At Dr. Mansbridge's Dental Surgeon's office, we are often asked "How does periodontal disease occur"? Periodontal disease is caused by "plaque" which is a sticky film composed of several types of bacteria that continuously form on the teeth.
Bacterial plaque is the great bone destroyer and tooth killer. It is particularly dangerous because of its presence in the gum crevice. If the bacterial plaque is not removed daily, the toxins stay in contact with the surrounding tissue causing inflammation and swelling. The gums begin to bleed.
The old fashioned word pyorrhea means "pus flow". The characteristic pus formation follows the bone infection. Bone destruction follows. The patient is usually not aware of any concerns. As the bone is destroyed (this is a relentless process) the teeth become loose and may start shifting.
It is actually possible for periodontal disease to destroy an entire mouth and have no decay present in that mouth!
In your case, we are dealing with Rapidly Advancing Periodontitis or Juvenile Periodontitis which in some ways is different from the more common forms of gum disease which is usually found in adults over the age of 35. Rapidly Advancing Periodontitis and Juvenile Periodontitis (or Early Onset Periodontitis) characteristically begin at a younger age. Often rather than effecting all teeth, specific teeth may become severely diseased while others appear to be very healthy. Patients often have aggressive periodontitis in spite of good oral hygiene. This is why, again, we recommend you visit us twice a year.
Recent experiments have shown that the cause is a unique combination of special types of bacteria infecting the gums and the relative inability of your body's immune system to fight off these bacteria. It appears that this weakness in your immune system is related only to this particular form of gum disease. Our treatment focuses on treating the causative bacteria (as the immune-deficiency cannot be currently treated).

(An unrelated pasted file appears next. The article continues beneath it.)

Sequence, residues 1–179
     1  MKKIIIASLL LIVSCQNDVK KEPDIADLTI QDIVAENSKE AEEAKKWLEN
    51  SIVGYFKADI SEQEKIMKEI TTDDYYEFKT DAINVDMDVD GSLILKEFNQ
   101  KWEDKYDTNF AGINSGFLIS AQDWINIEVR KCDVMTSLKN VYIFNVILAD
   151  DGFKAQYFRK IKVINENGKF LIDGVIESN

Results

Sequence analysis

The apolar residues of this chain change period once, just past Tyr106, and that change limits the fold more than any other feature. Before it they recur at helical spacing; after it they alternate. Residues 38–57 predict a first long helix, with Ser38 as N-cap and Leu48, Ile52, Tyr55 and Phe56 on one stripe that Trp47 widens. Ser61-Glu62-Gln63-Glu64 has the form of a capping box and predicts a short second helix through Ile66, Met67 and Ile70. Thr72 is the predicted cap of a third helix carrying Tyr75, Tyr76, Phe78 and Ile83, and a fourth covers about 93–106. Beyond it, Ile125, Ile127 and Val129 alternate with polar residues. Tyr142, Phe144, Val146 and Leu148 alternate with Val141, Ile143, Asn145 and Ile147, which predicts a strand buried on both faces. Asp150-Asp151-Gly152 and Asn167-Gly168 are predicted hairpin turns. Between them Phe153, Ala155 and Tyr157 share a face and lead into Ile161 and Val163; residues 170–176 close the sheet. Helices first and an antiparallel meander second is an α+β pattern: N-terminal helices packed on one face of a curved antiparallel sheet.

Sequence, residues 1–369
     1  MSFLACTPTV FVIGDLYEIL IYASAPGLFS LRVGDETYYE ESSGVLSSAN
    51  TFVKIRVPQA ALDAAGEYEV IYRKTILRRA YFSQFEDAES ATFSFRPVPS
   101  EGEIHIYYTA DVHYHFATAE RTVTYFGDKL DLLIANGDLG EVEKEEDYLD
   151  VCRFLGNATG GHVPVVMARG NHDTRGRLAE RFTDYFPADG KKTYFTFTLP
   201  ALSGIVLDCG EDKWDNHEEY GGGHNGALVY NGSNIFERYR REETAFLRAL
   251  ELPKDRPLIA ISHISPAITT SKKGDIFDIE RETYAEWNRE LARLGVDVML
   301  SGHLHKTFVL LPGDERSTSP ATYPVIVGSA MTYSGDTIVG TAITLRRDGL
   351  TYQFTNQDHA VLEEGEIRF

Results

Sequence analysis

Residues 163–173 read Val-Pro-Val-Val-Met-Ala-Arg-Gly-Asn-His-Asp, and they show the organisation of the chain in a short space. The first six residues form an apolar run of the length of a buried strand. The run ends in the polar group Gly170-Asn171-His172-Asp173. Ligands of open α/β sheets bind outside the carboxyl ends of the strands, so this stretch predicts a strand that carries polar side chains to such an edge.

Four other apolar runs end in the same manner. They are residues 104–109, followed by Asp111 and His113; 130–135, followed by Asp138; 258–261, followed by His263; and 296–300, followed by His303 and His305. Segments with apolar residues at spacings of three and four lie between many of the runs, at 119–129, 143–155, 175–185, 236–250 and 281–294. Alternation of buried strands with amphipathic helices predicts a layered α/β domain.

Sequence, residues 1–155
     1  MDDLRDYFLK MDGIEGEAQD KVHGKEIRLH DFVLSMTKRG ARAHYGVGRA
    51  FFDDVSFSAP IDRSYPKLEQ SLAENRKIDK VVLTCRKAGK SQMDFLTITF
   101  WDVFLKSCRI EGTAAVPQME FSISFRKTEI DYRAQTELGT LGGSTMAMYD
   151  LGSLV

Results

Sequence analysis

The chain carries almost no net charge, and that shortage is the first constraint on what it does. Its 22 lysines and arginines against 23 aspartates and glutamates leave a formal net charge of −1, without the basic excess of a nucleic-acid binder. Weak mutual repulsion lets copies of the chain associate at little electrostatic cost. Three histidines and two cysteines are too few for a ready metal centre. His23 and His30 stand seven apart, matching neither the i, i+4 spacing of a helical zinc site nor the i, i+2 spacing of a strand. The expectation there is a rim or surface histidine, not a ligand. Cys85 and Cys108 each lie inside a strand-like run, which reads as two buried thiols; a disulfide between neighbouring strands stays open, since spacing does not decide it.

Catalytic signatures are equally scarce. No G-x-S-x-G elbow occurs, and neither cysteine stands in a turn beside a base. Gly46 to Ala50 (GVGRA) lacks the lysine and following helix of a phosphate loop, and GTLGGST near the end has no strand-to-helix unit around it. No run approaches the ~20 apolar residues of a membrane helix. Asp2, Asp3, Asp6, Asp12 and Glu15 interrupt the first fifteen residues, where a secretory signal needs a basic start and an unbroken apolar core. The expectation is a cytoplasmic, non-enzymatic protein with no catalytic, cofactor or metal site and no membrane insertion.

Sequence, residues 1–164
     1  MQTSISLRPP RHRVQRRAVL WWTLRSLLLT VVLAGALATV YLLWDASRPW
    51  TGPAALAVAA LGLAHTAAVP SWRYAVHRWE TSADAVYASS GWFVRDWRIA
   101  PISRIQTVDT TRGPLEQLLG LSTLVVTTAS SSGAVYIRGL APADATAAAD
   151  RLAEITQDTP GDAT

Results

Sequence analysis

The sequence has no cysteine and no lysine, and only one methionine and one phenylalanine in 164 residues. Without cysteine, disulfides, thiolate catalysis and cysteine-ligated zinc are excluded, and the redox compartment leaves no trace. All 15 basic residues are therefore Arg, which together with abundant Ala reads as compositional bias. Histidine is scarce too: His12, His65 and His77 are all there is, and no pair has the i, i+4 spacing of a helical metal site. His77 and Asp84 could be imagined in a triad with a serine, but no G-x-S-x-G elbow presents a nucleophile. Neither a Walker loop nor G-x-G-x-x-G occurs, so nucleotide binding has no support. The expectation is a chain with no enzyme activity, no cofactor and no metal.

Depending on the degree of the disease, juvenile periodontal disease treatment can be successful in controlling these problems and preventing them from spreading to other teeth. In addition to our conventional periodontal treatment, an antibiotic such as Tetracycline may be prescribed for a short period of time. Recent experiments have shown that this treatment combination is the most effective way of controlling this form of gum disease.
IMPORTANT: This form of gum disease is familial, which is to say that it runs in the family and is inherited. It is extremely important that all brothers and sisters be checked for signs of this disease starting as early as 7 years of age.
Our dental team provides optimum family dentistry for residents in Hamilton and Stoney Creek. We are located in Stoney Creek on the corner of Centennial Parkway and Queenston Road in Gulliver's Square (across from Eastgate Square), making it easy for your teen to find our friendly office. There is plenty of convenient free parking in the plaza, or we are easily accessible by the HSR If your child is relying on the city bus to get to our dental office, they have several options no matter where you live in Hamilton. The King Street Bus which stretches from McMaster University to Eastgate Mall, will bring you close by. As well Route 55, Route 56 or Route 58 which service the Stoney Creek and Centennial areas of Hamilton are other routes to consider when travelling to us.
In the interest of better periodontal health.
Dr. Bruce Mansbridge